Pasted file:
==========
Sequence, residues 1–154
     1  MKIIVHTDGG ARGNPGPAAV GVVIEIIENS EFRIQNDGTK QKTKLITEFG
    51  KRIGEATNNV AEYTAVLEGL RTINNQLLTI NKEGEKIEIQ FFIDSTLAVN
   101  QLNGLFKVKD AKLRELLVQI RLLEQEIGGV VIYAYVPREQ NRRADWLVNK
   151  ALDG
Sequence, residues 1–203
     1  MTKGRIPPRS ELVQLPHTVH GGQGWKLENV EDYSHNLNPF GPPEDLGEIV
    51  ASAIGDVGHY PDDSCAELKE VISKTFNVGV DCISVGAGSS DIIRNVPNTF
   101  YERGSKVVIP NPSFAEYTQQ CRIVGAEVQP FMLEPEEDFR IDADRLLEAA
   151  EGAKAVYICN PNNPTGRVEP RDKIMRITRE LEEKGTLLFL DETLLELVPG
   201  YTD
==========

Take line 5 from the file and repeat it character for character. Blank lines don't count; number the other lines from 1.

   151  ALDG